The most efficient way for organisations to plan for the tremendous growth in IoT technology is to create and enforce standards from companies supplying hardware, as well as implement policies to protect the business, employees, partners and customers.

To plan for the $25 billion connected devices over the next four years, companies must work to manage mobile devices and their applications, content and security. It doesn’t matter what make, model or operating system.

Ultimately, more mobile devices and connected peripherals means more complexity, more IT headaches and more risk. However, effective EMM can alleviate those issues. Through an EMM solution, a mobility strategy can be implemented quickly and smoothly, and will scale along with the company’s increased adoption of mobile and IoT technologies.

Companies can manage any device from a single screen and easily access a wide range of data. Lost or stolen devices can be remotely wiped and locked down. Upgrades can be managed remotely and users can access remote support. Shadow IT can be circumvented with real-time helpdesk capabilities, malicious applications can be blocked, and two-factor authentication helps to keep company files and information safe.

4. Security will always be an issue, but do you see any other areas IT departments need to closely manage?

Device and data security are very important issues for IT departments. They need to know sensitive company content will always remain private. The remote mobile helpdesk, diagnostics and support are critical in supporting the mobile user. Many enterprises work all over the world, so the ability to provide a virtual helpdesk to fully support its mobile employees and business-critical devices and applications saves time and increases productivity.

Remote management is not only used in support, but from every element of a user’s requirements; from provisioning a new device or new member of staff, to efficient retirement and everything in between, especially if customised policies are needed.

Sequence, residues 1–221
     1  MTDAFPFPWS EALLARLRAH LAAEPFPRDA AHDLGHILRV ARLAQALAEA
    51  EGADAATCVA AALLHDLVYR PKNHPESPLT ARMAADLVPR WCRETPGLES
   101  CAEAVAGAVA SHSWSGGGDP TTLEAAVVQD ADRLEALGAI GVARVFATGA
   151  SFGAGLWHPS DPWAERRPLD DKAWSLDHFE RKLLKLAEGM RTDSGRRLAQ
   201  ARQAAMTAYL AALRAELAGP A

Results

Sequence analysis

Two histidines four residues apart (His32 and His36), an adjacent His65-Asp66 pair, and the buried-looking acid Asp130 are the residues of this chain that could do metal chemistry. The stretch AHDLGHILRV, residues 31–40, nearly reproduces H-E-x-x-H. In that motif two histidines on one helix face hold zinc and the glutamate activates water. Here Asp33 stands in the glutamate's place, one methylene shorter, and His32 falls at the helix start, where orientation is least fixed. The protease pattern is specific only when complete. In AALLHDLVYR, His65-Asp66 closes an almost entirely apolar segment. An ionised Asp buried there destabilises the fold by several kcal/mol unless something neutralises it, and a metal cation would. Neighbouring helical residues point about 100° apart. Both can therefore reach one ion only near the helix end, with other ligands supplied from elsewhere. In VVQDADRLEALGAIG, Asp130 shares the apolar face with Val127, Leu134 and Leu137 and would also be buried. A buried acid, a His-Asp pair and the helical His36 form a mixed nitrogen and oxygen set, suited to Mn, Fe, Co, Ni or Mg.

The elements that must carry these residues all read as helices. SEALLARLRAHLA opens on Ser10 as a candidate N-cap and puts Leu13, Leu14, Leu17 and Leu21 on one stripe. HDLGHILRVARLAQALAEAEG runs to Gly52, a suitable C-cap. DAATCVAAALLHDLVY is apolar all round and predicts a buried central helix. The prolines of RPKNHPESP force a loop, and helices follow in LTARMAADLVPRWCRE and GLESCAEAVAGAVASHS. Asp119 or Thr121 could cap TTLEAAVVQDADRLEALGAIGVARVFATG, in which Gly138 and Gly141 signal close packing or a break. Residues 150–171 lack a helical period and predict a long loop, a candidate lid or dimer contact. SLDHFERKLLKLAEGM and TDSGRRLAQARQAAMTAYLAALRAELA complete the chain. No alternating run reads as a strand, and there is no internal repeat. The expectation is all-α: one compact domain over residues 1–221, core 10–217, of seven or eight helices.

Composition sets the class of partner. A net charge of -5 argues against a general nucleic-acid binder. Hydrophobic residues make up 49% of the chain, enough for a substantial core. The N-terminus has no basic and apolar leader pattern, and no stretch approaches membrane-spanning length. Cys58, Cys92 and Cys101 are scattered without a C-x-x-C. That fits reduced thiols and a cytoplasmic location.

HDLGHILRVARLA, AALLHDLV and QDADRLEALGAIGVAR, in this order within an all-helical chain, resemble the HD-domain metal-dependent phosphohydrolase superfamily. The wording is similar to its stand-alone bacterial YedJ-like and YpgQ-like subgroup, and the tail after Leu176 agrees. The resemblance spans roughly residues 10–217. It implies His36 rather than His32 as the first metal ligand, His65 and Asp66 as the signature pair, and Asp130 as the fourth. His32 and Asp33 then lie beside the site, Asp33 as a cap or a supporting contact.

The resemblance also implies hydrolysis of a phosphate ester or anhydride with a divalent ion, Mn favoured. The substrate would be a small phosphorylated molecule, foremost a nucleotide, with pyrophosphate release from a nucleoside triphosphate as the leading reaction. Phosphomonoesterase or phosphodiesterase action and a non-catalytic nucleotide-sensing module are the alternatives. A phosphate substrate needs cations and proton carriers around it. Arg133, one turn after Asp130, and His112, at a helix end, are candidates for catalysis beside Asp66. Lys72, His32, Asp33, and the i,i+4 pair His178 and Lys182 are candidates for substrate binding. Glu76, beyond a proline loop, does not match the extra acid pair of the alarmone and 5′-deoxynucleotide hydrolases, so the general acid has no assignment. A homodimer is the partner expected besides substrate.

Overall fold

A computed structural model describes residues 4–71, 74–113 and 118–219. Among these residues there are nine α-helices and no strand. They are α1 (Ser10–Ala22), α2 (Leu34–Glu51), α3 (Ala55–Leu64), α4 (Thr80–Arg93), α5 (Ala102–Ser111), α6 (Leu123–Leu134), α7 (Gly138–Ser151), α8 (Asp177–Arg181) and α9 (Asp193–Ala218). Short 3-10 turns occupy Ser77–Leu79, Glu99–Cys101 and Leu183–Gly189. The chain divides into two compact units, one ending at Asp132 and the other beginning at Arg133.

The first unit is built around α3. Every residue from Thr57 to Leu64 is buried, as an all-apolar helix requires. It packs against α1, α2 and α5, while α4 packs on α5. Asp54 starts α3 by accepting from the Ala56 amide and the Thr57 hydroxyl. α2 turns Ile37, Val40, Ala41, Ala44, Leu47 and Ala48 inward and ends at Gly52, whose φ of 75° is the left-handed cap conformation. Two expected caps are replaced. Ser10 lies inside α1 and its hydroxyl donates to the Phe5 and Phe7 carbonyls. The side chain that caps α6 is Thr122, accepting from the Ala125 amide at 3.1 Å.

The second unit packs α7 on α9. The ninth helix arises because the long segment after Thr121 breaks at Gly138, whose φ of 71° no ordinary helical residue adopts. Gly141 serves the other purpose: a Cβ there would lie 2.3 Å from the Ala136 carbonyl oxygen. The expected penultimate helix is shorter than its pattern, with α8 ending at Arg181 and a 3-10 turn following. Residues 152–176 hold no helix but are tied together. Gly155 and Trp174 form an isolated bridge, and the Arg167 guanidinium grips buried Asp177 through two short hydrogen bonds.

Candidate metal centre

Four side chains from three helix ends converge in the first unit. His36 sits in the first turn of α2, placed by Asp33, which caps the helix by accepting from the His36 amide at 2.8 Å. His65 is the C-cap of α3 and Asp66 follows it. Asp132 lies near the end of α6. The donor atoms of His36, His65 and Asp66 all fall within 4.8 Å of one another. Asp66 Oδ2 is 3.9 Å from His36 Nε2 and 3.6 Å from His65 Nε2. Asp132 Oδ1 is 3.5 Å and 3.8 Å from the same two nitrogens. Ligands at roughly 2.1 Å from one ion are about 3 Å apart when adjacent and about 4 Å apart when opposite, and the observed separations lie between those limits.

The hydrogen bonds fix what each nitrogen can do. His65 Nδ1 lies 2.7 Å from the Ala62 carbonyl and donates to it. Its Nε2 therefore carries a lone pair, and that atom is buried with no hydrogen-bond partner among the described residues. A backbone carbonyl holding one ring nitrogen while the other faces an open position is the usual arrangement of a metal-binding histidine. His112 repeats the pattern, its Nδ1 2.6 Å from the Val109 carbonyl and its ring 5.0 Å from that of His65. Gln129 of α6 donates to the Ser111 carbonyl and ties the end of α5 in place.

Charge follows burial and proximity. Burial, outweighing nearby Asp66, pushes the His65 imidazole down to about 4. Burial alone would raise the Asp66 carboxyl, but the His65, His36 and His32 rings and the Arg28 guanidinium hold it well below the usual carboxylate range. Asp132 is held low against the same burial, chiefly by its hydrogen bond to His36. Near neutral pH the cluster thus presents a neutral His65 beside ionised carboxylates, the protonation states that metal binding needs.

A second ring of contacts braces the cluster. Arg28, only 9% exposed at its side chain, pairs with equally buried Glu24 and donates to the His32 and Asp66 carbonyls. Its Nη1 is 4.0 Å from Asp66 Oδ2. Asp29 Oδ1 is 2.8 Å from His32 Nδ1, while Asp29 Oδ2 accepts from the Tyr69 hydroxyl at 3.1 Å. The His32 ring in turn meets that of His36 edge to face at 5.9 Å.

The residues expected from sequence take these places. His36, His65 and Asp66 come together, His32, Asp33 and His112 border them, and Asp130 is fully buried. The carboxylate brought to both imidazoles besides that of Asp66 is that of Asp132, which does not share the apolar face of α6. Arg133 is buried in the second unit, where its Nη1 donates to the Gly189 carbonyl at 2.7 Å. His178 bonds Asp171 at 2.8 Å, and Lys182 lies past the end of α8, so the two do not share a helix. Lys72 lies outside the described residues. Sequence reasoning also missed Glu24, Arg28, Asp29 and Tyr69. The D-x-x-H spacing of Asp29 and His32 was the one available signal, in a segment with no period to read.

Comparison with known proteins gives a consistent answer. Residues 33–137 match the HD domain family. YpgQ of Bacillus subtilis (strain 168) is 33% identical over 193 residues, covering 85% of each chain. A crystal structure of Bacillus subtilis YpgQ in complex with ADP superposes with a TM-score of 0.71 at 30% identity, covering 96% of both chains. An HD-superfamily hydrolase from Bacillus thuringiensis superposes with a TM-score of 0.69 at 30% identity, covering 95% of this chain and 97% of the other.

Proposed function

The particularly pertinent area IT departments need to control are the device features – especially security conscious organisations or those operating in compliance industries. The granular control of what device features the users have access to is not just a good idea, but required by law. It’s crucial the IT administration can configure the inventory of devices exactly as the company requires.

5. There’s lots of talk about mobility device management and that it may not be fit for purpose any more. Do you agree and if it’s not, what next?

I completely disagree. MDM is a functionality subset of device management; in the enterprise many devices are personal and therefore whole device management is just not possible.

Gartner has also recently cited a change in how IT leaders will see a shift in focus in the variation and capability of MDM, and how will add to the complexity of device management technologies.

We will see complexity increase in a variety of ways: just think about the types of mission-critical changes ahead, such as having electronic boarding passes on devices; the device is not dedicated, but imperative for boarding. There is the need for dedicated devices for environments such as transport or retail, but there will be greater intricacy and interaction.

6. What three pieces of advice would you give an organisation planning to implement an enterprise mobility strategy?

Firstly, companies must really understand what the needs are: one type does not fit all. Find out what you are trying to achieve and why; don’t just think about immediate needs, but know in a changing environment, the future will need to be considered too.

Secondly, understand the technology and resources available to you; we talk about disruption in industry, but this cannot be achieved without a detailed evaluation of technology, people and customers.

Finally, talk to customers, partners and peers who have been in similar situations and find out what points of pain they encountered and their vision for a distributed enterprise. Enterprise mobility is set to continually change and question the way we work, interact and do business; it’s an exciting environment and by really understanding what can be achieved, you will have the recipe to change the world.